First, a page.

A new breakthrough in nanotechnology is offering a real wow factor for drug makers – the possibility of delivering multiple drugs at once into targeted cells.
The development, reported in the Sept. 4 issue of Nature, involves the creation of double nanoemulsions, dubbed WOW (water-in-oil-in-water), which are stable at below 100 nm in diameter. This sub-100-nanometer stability for double emulsions has never been achieved before, according to researchers.
NanoPacific Holdings (Los Angeles) obtained the exclusive rights from the California NanoSystems Institute (CNSI) at the University of California-Los Angeles (UCLA).
They are "the world's smallest double emulsions," said co-CEO and Chairman Joseph Boystak. He noted that they contain "oil- and water-based structures, so we can load them with both hydrophobic and hydrophilic materials."
NanoPacific, founded in December 2007, formed a partnership with CNSI, and currently holds three exclusive licenses from the institute – all related to nanodelivery mechanisms. CNSI is a partnership between UCLA and UC Santa Barbara, established in 2000 through a State of California initiative to combine academic research and private sector. It has been awarded up to $350 million in federal research grants, in addition to industry funding.
Timothy Deming, chairman and professor of bioengineering at UCLA and also a member of CNSI, along with Thomas Mason and their teams, succeeded in creating, for the first time, stable sub-hundred nanometer double nanoemulsions. According to Deming, these nanoemulsions can be made as small as 10 nm in diameter and are stable for long-term storage at room temperature. More surprising, they even remain fairly stable when autoclaved. "We can also make them in micron size, 20 micron to 50 micron in diameter. Very big size range," he added.
Explaining the structure of WOW nanoemulsions, Deming said, "We have a water droplet entrapped inside an oil droplet," in a water environment. "They are made up of amino acids, so they are similar to proteins in that respect." It means, despite their structural stability, WOW nanoemulsions can be broken down enzymatically and should be bio-resorbable in the body.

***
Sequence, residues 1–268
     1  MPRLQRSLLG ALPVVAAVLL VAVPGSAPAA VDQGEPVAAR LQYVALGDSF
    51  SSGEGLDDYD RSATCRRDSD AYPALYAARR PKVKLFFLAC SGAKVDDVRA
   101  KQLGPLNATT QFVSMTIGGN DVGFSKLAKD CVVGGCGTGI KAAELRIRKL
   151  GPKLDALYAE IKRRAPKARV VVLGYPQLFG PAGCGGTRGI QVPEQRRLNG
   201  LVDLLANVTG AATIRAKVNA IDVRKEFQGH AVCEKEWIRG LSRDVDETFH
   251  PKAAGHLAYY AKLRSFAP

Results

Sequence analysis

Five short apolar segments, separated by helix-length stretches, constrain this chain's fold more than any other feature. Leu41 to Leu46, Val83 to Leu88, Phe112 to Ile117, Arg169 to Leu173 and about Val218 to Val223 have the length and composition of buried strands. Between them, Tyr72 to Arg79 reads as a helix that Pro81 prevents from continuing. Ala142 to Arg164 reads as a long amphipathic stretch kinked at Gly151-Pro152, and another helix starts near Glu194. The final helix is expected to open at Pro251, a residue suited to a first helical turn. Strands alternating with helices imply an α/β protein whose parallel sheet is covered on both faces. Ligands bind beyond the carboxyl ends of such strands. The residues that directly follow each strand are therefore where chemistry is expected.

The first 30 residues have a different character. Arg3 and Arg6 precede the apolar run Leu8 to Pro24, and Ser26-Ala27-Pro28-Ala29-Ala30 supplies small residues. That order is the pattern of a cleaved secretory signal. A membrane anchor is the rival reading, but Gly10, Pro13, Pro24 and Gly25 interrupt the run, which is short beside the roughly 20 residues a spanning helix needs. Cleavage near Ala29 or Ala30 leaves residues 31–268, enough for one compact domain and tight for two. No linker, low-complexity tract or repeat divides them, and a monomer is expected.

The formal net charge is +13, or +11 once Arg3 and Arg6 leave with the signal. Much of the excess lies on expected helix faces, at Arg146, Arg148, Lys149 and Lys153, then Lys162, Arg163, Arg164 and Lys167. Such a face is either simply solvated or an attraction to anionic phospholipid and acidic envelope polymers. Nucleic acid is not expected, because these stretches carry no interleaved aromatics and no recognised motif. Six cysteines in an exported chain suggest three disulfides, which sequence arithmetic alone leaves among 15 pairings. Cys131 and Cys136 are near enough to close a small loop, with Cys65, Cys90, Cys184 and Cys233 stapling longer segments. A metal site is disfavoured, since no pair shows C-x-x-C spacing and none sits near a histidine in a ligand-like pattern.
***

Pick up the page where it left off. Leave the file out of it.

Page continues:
In the Nature paper, Deming and colleagues used lysine polymers for the hydrophilic component and leucine for the oil (hydrophobic) component. Discussing safety issues, Deming said, "Lysine can be toxic, but we can make them with glutamic acid, which are very non-toxic. And [for] the oil phase, we can use natural food oil like sunflower oil or olive oil, so those are also not a problem."
The most exciting thing, according to both Boystak and Deming, is that these nanoscale containers can be loaded with both water-soluble and water-insoluble drugs. Both also mentioned that WOW's properties are tunable, based on the delivery mechanism and the delivery target of a particular drug. "Obviously, the objective here is to deliver, in a highly targeted way and in a very precise dose. In some cases, in [a] smaller dose than what [would] otherwise be required," Boystak said.
Indeed, as the next step of their research effort, Deming and his team currently is fine-tuning the nanoemulsions "so we put things like targeting groups on them, and also put in some responsiveness, so they could pop open under certain stimuli," he said.
In addition to the double nanoemulsions NanoPacific has in its portfolio, it also holds exclusive rights from CNSI for mesoporous silica-based nanoparticles and a popypeptide technology. For biomedical purposes, Boystak said, NanoPacific intends to focus both on the diagnostic side (in particular diagnostic imaging) and on the therapeutic side.
The company's three big therapeutic programs include: topical applications for dermatology; acute indications, with cardiology as a possible target; and chronic indications in oncology, such as for breast, prostate and colon cancer.
"We haven't fully developed our timeline ... We think the topical application will have the shortest timeline," Boystak noted, "For example, incorporating antimicrobials for treating certain dermatological disorders [may] have the shortest pathway."
NanoPacific's intended programs are all still in the preclinical phase. "We are [doing] the PK [pharmacokinetic] and toxicity studies right now. We anticipate those will get done in the course of the next six months," he said.
Boystak commented that the corporate strategy is to work with existing FDA-approved therapeutics. "We obviously have to get this [method] approved by the FDA, but we intend to incorporate existing approved therapeutic agents into these." He exclaimed, "[Our] nanodelivery mechanism will revolutionize drug delivery."
Asked whether the technology will be appropriate to deliver siRNA or microRNA, he mentioned that NanoPacific is in discussions with an unnamed major academic medical center to look at applications with microRNA.
According to Boystak, there are about eight people involved with the company on a regular basis, divided between its management, including Vice Chairman and co-CEO Michael Flesch, and its scientific team. "We are trying to maintain as lean of a structure as possible. We have entered a research agreement with UCLA, and we also intend to work with an outside lab to accelerate the development of our programs," he said.
NanoPacific is funded internally through Brightwaters Capital, a private equity investment firm, for which Boystak is also president/CEO, and other associated investors he declined to name. He also would not disclose the amount of money raised so far, but noted, "We're comfortable that we've found adequate research capital for the next two years."